Belfast Telegraph

He survived cancer, now Scott is taking on world's toughest mountain bike race

By Amanda Ferguson

The drop-out rate is 50% and there is a chance of encountering bears, rattlesnakes, mountain lions and wolves.

But none of this fazes testicular cancer survivor Scott Harkins, who is set to become the first person from Northern Ireland to compete in the world's toughest mountain bike race.

Following two years of intensive training, the father-of-two is gearing up to start The Great Divide, a 3,000-mile race in Canada, on June 13.

Scott (42) is a Belfast harbour policeman as well as an RNLI lifeboat volunteer in his home town of Bangor.

He has been free of cancer for the past 10 years and has decided to mark the decade by taking on the gruelling off-road race from Banff in Canada to Antelope Wells in New Mexico.

He will also be raising sponsorship, so far sitting at £3,500, for Marie Curie Cancer Care.

"When I was given the all-clear from cancer in 2004 I vowed to do something challenging for a cancer charity," he said.

"This certainly is a challenge but I have trained long and hard and have lots of support from sponsors, family and friends, so a big thank-you to them.

"This month I am 10 years clear of cancer so I want to give something back to Marie Curie for the help they gave me when I was going through my treatment."

A huge challenge lies ahead for Scott.

Competitors climb a total of 200,000ft and they must find shelter each night or camp at the trailside.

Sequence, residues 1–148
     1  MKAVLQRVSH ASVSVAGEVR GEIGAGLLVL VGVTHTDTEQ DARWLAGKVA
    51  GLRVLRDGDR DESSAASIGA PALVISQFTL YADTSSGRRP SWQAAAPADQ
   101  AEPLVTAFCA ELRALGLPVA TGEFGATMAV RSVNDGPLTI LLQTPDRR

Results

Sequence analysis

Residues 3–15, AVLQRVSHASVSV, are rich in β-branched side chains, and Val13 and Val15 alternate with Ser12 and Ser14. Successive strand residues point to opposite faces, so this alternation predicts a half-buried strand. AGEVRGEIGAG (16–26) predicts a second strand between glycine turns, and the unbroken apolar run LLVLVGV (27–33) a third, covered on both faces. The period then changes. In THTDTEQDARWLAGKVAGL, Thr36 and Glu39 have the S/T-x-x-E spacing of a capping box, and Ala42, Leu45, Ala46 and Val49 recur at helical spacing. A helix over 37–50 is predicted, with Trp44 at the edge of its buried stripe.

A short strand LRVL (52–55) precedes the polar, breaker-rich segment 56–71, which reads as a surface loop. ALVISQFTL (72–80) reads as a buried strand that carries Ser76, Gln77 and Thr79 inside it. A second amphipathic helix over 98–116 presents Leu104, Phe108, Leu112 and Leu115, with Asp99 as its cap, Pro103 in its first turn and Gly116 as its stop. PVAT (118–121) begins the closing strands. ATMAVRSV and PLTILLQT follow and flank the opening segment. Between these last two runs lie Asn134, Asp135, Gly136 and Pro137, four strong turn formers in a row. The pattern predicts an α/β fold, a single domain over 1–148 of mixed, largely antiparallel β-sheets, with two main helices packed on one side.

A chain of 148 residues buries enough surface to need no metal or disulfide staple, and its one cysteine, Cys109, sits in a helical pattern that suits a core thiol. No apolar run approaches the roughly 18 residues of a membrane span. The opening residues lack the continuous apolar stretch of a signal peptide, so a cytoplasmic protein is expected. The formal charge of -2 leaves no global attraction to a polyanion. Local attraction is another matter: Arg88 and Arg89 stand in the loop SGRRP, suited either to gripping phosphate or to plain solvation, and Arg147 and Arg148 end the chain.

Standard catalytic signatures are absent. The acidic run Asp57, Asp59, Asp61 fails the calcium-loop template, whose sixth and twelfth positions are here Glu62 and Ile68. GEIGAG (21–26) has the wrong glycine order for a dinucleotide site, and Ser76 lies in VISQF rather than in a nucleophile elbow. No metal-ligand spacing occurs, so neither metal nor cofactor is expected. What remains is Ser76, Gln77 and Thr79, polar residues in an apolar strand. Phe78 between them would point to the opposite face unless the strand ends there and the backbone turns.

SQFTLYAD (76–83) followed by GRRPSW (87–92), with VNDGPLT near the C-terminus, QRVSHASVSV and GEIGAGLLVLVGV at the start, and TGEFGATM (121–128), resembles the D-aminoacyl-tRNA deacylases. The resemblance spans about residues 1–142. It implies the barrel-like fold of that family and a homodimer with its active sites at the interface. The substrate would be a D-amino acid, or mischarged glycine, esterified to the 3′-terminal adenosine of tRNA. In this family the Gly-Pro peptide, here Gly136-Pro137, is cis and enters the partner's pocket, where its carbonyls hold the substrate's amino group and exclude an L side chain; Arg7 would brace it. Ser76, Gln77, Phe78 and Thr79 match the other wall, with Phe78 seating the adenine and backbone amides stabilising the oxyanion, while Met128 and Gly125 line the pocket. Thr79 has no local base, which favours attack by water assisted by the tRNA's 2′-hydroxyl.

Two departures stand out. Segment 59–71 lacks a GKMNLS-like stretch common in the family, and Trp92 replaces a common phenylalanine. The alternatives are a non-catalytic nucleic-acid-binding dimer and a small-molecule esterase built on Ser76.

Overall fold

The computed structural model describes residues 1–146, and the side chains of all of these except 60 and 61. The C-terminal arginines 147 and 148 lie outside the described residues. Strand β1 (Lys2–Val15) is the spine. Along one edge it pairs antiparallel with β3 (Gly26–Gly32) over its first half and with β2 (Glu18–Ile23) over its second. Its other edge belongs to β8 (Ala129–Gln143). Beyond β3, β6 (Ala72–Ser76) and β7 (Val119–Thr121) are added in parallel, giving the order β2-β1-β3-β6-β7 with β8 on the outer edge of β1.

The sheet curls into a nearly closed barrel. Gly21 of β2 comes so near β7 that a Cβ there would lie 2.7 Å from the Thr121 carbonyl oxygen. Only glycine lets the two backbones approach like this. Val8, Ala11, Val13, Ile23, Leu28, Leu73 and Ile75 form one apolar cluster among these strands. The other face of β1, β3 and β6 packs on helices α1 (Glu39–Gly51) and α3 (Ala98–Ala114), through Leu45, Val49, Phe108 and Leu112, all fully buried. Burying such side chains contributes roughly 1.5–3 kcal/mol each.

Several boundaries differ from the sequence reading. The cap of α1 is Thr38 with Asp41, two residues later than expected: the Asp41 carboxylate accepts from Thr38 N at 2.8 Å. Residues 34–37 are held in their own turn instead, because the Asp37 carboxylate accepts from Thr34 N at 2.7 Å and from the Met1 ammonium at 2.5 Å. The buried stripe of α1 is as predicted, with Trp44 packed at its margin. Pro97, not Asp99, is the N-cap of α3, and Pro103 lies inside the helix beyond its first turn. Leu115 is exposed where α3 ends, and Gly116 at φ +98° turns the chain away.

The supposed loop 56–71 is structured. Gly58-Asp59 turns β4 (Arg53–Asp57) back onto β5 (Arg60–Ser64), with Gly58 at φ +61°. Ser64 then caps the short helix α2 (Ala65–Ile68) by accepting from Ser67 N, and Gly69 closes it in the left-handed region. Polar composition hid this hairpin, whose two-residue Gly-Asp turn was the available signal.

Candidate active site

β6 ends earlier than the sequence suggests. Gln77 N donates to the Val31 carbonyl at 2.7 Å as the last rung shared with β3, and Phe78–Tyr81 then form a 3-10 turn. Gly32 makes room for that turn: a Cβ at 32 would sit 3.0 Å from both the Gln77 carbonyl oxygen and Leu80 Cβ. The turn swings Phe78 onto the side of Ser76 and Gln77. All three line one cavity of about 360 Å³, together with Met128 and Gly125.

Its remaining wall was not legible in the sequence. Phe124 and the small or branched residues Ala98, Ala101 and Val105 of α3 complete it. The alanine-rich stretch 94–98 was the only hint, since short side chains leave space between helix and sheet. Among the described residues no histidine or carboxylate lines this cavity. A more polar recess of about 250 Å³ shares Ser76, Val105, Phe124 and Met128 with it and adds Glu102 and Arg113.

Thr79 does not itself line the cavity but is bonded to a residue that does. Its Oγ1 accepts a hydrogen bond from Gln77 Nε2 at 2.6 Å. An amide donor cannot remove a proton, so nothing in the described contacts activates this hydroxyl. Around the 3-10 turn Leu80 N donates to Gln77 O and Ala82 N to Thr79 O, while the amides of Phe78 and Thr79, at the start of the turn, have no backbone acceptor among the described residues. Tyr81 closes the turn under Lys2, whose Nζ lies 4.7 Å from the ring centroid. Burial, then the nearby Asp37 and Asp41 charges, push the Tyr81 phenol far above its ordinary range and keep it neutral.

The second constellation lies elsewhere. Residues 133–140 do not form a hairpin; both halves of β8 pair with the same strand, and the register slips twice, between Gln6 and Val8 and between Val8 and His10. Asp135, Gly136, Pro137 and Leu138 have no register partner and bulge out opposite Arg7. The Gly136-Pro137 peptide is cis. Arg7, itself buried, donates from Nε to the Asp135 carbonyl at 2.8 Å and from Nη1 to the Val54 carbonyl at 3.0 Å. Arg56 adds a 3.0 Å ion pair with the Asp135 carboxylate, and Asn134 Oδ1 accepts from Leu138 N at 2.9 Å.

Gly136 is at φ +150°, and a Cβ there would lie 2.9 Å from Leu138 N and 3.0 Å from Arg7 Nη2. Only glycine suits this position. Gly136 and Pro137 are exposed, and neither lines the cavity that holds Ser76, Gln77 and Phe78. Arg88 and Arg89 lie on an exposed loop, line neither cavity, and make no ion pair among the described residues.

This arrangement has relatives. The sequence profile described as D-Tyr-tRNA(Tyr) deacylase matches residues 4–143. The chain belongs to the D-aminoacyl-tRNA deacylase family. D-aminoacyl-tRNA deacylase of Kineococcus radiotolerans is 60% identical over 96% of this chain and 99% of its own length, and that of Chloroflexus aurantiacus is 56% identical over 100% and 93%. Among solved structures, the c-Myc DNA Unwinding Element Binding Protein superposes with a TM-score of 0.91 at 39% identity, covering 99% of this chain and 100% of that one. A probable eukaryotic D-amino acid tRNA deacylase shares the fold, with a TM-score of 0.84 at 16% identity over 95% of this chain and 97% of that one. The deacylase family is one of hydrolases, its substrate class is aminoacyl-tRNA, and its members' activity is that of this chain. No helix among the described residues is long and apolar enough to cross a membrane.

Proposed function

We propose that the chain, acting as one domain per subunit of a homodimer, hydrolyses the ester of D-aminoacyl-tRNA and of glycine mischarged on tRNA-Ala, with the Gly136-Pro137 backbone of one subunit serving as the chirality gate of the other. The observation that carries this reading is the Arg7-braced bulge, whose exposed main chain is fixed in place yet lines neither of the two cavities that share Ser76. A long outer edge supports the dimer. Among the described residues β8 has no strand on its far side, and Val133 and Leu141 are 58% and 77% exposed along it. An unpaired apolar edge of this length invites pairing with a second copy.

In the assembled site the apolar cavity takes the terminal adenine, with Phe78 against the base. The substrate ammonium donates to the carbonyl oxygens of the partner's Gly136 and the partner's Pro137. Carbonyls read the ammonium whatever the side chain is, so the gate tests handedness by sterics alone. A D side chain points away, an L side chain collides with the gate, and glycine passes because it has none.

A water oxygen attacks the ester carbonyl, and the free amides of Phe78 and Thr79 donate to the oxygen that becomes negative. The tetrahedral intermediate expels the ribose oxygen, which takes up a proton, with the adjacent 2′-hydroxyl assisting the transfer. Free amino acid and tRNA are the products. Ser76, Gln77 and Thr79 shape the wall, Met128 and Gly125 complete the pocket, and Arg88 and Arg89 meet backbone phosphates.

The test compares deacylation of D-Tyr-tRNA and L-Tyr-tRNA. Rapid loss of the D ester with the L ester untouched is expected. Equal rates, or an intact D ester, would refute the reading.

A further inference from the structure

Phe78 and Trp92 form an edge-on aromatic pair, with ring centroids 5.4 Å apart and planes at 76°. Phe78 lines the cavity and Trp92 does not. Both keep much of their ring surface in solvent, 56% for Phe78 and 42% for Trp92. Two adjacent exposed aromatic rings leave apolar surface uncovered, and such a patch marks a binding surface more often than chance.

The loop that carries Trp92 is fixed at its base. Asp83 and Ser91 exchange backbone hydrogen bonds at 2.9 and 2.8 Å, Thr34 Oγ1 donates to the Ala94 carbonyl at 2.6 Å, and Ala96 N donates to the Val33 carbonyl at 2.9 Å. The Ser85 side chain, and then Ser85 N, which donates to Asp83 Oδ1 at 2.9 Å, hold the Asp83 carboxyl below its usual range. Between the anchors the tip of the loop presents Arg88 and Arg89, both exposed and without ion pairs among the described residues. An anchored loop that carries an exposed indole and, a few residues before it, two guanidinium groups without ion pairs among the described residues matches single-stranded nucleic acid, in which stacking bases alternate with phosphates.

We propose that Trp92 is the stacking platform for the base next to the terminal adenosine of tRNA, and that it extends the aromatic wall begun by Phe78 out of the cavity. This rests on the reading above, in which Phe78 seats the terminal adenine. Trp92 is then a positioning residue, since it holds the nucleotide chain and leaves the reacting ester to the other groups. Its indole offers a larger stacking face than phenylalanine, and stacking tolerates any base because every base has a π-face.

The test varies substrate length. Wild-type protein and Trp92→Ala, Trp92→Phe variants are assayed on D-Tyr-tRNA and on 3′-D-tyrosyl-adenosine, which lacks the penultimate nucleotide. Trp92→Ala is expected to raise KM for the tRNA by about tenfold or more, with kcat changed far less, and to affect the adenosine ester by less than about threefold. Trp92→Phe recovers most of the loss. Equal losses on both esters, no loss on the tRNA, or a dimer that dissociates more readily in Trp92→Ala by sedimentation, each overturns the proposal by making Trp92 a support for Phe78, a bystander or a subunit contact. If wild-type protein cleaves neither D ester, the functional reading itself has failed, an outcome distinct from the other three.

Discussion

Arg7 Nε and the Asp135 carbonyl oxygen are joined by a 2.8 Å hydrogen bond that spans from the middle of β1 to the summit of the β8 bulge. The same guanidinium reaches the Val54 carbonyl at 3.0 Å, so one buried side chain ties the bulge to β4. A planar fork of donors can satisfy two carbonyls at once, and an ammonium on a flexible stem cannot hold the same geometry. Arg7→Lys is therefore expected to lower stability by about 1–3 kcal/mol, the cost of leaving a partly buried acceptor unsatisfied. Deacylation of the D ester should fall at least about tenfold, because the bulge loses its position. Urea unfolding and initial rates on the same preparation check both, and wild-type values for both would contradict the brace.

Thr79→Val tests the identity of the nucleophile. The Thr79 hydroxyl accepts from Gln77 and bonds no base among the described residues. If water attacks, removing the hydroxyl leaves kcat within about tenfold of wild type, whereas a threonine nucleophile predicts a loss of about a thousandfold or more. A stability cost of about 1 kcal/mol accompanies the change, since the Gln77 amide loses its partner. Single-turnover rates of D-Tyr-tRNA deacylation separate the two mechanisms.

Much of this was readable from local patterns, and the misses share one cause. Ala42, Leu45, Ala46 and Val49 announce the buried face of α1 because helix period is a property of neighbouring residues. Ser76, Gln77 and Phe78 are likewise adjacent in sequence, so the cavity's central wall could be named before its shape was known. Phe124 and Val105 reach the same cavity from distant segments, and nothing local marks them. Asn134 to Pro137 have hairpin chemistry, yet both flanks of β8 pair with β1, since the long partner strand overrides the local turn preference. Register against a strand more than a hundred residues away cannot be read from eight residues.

Along the course organisers have warned entrants to expect encounters with bears, rattlesnakes, mountain lions and wolves.

"For the first 500 to 600 miles it is imperative I carry bear spray," Scott said.

"It's like pepper spray for bears, but I don't want to be that close to find out."

You can follow Scott's progress on Facebook and Twitter and to make a donation to Marie Curie visit


Scott Harkins is taking on the The Great Divide mountain-bike race from Banff in Canada to Antelope Wells in New Mexico. He departs for Canada on Monday, June 9 and begins the race on Friday, June 13.

Scott plans to complete the 3,000-mile race, climbing a total of 200,000ft, in 25 days, while raising vital funds for Marie Curie Cancer Care. More than 100 riders are expected to compete.

Belfast Telegraph


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